T-3010: Mounting Complexity for Charities
By Arthur Drache
In the olden days, say a dozen or so years ago when the Voluntary Sector Initiative was still underway one of the objects was to simplify the annual report requirements for registered charities. Indeed, serious discussions were held about either exempting small charities altogether or devising a short form which would be easy for the small guys to handle without professional help.
For example we had this suggestion
“Developing a shortened version of the tax return from 13 pages to approximately
4 pages, extending this shortened reporting requirement to all charities with revenues of $100,000 or less, and investigating whether this shorter form could suffice for charities with revenues of $100,000 or more”.
It was understood at the time that this was not just a matter of making life easier for the charities but “reform” was needed because the percentage of forms which had egregious errors was very high, simply because charities did not understand the nature of the data which was to be provided.
One partial solution was for the CRA to provide better information about how to fill out the form and what data was required. This information is now published annually in a guide to filling out the T-3010 form. This booklet now runs to about 40 pages depending on the format used.
But of course what happens as is always the case with government bureaucracies, the demands for information increase, not diminish. In recent years the driving force has been the government’s requirement for more “transparency’, namely data which is primarily of use to government and researchers, not to donors despite the constant assertion that donors want all this information and that they “require” it to make rational decisions about organizations to which they will donate.
To give you an idea of the breadth of information now required, the following is a list (from the guide) as to what forms and schedules a charity might need and which they should have on hand.
· Form T3010(13), Registered Charity Information Return;
· Form TF725, Registered Charity Basic Information Sheet;
· a copy of the charity’s financial statements;
· Form T1235, Directors/Trustees and Like Officials Worksheet;
· Form RC232-WS, Director/Officer Worksheet and Ontario Corporations Information Act Annual Return, or Form RC232, Ontario Corporations Information Act Annual Return (if applicable);
· Form T1236, Qualified Donees Worksheet/Amounts Provided to Other Organizations, (if applicable);
· Schedule 1, Foundations (if applicable);
· Schedule 2, Activities outside Canada (if applicable);
· Schedule 3, Compensation (if applicable);
· Schedule 4, Confidential data (if applicable);
· Schedule 5, Non-cash gifts (if applicable);
· Schedule 6, Detailed financial information (if applicable);
· Schedule 7, Political activities (if applicable); and
· Form T2081, Excess Corporate Holdings Worksheet for Private Foundations (if applicable).
To state the obvious, the basic form itself is only the starting point. We of course accept that not every organization will need to fill out every schedule but there will be precious few which can get away without having to fill out three or four supplementary forms.
And of course almost every year there are new demands. For example, we now have a Schedule 7 which is another (if applicable) form. This has to do with political activity which of course is a hot topic for government. In the 2012 there were several announcements about third party political funding and in particular, funding from outside Canada. (How dare those Americans meddle in a Canadian environmental issue!)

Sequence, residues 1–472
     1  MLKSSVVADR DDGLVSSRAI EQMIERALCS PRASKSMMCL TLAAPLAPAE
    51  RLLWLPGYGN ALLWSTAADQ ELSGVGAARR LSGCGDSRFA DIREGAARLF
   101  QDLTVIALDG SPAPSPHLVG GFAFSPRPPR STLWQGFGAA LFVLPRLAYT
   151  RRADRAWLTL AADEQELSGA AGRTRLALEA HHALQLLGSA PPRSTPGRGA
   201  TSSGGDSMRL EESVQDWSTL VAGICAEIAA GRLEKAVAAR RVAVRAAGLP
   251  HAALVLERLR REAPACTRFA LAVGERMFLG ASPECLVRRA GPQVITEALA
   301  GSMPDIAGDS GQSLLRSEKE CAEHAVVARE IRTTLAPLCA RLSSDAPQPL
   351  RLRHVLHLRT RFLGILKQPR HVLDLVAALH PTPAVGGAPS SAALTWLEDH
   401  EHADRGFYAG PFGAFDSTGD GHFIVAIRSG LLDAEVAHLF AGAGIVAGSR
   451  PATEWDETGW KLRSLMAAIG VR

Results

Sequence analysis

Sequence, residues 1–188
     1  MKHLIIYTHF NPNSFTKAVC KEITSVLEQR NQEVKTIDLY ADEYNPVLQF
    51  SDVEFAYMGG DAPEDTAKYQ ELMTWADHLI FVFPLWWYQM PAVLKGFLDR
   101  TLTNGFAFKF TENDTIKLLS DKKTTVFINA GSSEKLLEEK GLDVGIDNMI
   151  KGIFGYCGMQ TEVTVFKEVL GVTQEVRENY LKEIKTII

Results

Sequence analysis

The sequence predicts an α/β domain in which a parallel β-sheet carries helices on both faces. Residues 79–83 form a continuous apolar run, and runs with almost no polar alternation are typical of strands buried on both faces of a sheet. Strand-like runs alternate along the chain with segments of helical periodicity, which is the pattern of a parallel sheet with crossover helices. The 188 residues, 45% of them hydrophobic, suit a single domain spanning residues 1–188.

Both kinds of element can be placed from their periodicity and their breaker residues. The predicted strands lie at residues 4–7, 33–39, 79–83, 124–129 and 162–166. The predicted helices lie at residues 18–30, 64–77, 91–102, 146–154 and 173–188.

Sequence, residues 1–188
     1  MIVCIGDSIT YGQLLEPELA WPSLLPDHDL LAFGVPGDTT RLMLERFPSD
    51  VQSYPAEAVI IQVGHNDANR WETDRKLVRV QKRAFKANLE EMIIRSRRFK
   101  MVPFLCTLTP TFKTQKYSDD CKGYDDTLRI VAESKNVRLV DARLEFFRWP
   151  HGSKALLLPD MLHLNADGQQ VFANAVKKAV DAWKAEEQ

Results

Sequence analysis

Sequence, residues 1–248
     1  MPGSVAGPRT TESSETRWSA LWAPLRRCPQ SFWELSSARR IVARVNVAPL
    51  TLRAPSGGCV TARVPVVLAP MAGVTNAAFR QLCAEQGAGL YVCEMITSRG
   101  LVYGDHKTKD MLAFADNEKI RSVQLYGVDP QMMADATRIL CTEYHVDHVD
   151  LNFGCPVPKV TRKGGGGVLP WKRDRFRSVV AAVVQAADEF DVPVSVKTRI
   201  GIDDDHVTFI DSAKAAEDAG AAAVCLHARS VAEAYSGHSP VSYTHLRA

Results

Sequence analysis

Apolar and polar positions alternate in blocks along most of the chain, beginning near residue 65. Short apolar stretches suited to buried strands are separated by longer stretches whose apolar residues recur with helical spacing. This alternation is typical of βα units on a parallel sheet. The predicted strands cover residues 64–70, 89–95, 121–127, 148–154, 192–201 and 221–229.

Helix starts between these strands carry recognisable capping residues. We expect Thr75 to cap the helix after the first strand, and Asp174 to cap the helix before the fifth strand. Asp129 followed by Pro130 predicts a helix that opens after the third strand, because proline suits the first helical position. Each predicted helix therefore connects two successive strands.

The upshot is a new schedule to be attached to the T-3010 return dealing with Political activities. Putting aside the government’s intent, we offer below the gist of Schedule 7 which we believe is a perfect example of a request for information which will be difficult to comply with. The second question is particularly interesting in that it seems to be the first attempt to try to determine what “resources” are used in such activity even though the term “resources” is undefined. At this stage, the CRA quite wisely does not attempt to require quantification as to value of the resources or the percentage of overall resources being used.which means that this data is useless except as a first step in trying to quantify a dollar figure to determine whether the organization is within the acceptable limit of devoting 10% of its resources to acceptable political activity.
If we are correct, more complexity is waiting in the wings.
 Working Together: A Government of Canada/Voluntary Sector Joint Initiative – Report of the Joint Tables: http://www.vsi-isbc.org/eng/knowledge/working_together/index.cfm
Meanwhile, we wish all our readers and their organizations good luck in filing their annual returns, safe in the knowledge that with each passing year the exercise will become more and more complex. We have to assume that we never will see simplification which was one of the key elements of the VSI exercise. Rather, the bureaucrats and politicians will continue to run riot in imposing obligations on the sector.obligations which they don’t have to suffer through. There should be a statutory obligation on every person attached to the Charities Directorate to personally fill out the T-3010 of some small organization. After all, functionally this is what happens with Income Tax returns which apply to everybody, even the bureaucrats who design them.
But the policy makers develop policies in a vacuum, policies which have no impact on themselves, which makes it much easier for them to make onerous demands on others.